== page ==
Quadriceps Tendon Rupture — All You Need to Know About the Possible Treatments and Rehabilitation Process

//Quadriceps Tendon Rupture — All You Need to Know About the Possible Treatments and Rehabilitation Process

Quadriceps Tendon Rupture — All You Need to Know About the Possible Treatments and Rehabilitation Process

By |2019-09-20T11:19:31+00:00September 23rd, 2019|Blog|

The knee is one of the most important and complex joints in the body. The structure of the knee joint comprises soft tissues, ligaments, tendons, and bones.

Acute knee pain is one of the most common problems encountered in clinical settings. Millions of people visit their physicians with complaints of knee pain each year. There are many different causes of knee pain including fractures, tendon ruptures, tumours, and trauma to the menisci ligaments.

The Quadriceps Tendon

The quadriceps tendon is a large, strong, and thick tendon located just above the kneecap. It is part of the extensor mechanism that straightens the knee and can withstand tremendous force. It connects the muscles to the bone and encourages the knee to move when the muscle is contracted.

Quadriceps Tendon Rupture

While it’s not very common, a quadriceps tendon rupture can be highly painful and disabling. It occurs when too much pressure is put on the knee while attempting to straighten it, which causes the tendon to tear.

The main cause of a quad tendon tear is a direct blow during sports activities or a forced flexion of the knee. Spontaneous ruptures can also happen but they are quite rare and are mostly caused by certain predisposing illnesses. People above the age of 40 are more susceptible to quad tendon ruptures.

Symptoms of Quadriceps Tendon Rupture

There are several symptoms that indicate a partial or complete tear of the quadriceps tendon. These include:

  • Inability to straighten the knee without assistance
  • Inability to raise the leg and keep it elevated
  • Swelling in the kneecap
  • A visible gap or divot where the tear has occurred
  • Acute pain

Treating Quadriceps Tendon Rupture

A complete rupture of the quadriceps tendon requires immediate surgical intervention to regain mobility. The surgery must be performed within a few days or weeks of the injury for maximum success.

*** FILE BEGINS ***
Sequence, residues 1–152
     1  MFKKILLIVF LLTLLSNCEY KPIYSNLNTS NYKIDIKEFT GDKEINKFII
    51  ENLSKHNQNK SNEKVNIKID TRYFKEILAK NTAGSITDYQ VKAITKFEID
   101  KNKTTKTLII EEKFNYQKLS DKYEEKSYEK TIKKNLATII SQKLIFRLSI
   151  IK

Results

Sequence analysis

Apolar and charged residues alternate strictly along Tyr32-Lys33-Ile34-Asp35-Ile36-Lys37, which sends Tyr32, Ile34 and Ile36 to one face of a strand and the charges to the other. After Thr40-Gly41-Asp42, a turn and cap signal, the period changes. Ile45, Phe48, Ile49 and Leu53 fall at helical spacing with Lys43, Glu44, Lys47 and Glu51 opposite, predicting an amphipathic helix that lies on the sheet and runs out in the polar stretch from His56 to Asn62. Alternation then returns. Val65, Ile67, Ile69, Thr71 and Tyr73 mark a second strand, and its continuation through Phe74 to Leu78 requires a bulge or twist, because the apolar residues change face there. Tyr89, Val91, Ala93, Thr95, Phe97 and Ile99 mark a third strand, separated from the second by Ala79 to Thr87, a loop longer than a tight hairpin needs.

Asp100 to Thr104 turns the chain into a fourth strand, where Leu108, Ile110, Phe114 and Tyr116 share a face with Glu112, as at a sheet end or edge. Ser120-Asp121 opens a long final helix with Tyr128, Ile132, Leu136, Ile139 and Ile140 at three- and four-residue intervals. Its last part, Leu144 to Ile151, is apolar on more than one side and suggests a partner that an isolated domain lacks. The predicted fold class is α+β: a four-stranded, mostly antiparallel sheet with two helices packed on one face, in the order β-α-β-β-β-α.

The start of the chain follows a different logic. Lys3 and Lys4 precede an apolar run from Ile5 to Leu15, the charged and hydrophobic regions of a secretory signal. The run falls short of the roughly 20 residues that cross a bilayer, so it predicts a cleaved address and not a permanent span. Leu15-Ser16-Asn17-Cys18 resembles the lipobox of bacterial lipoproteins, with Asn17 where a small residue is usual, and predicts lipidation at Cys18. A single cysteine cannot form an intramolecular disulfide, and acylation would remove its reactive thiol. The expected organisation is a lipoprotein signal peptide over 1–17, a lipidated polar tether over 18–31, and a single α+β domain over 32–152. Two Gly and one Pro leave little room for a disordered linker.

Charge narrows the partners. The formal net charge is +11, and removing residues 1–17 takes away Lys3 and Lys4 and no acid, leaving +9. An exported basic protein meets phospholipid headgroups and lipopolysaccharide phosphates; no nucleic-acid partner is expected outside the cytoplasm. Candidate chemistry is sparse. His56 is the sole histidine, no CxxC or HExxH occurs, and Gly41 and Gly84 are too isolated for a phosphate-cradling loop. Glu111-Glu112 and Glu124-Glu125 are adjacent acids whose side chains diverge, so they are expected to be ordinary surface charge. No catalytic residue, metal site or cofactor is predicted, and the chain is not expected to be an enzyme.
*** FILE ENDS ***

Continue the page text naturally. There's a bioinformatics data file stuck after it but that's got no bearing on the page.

The torn tendon is reattached to the kneecap by drilling holes in the kneecap and looping the sutures to pull the tendon towards the bone.  

For partial tears in the quadriceps tendon, the treatment can be done without requiring surgical processes. The tear can be encouraged to heal naturally with the use of anti-inflammatory medication, knee braces for support, ice application, physical therapy, plenty of rest and avoiding any athletic activities.

Physical therapy can be beneficial in both surgical and non-surgical treatment of the quadriceps tendon rupture. It’s especially beneficial in strengthening the surrounding supporting muscles utilizing various modalities to encourage the tendon to heal.

Get Expert Medical Assistance!

Sports & Exercise Medicine Institute is one of the most trusted and reputable sports medicine and physiotherapy clinics in the greater Toronto area. Our expert physiotherapists and sport medicine professionals provide expert diagnoses and treatments of various sports injuries and debilitating illnesses.

Our range of services includes concussion treatment, podiatry and prescription orthotics, PRP treatments, shockwave therapy, and custom made knee braces. Our services in the greater Toronto area include Sheppard, St. Clair and Thornhill.

About: Dr. Douglas Stoddard is a sports medicine physician and is the Medical Director of the Sports & Exercise Medicine Institute (SEMI). After receiving his medical degree from the University of Toronto, he trained in Australia at the Australian Institute of Sport in Canberra, obtaining his Master Degree in Sports Medicine. He is also a diplomat of the Canadian Academy of Sport and Exercise Medicine and has his focussed practice designation in Sport Medicine from the Ontario Medical Association. Dr. Stoddard is a consultant to the Canadian Military and has consulted with well over 30,000 unique patients in his career. Dr. Stoddard is constantly searching for new and promising therapies to help SEMI patients, and is responsible for developing the RegenerVate Medical Injection Therapy Program. He is the proud father of two boys, is an avid triathlete and occasional guitar player.

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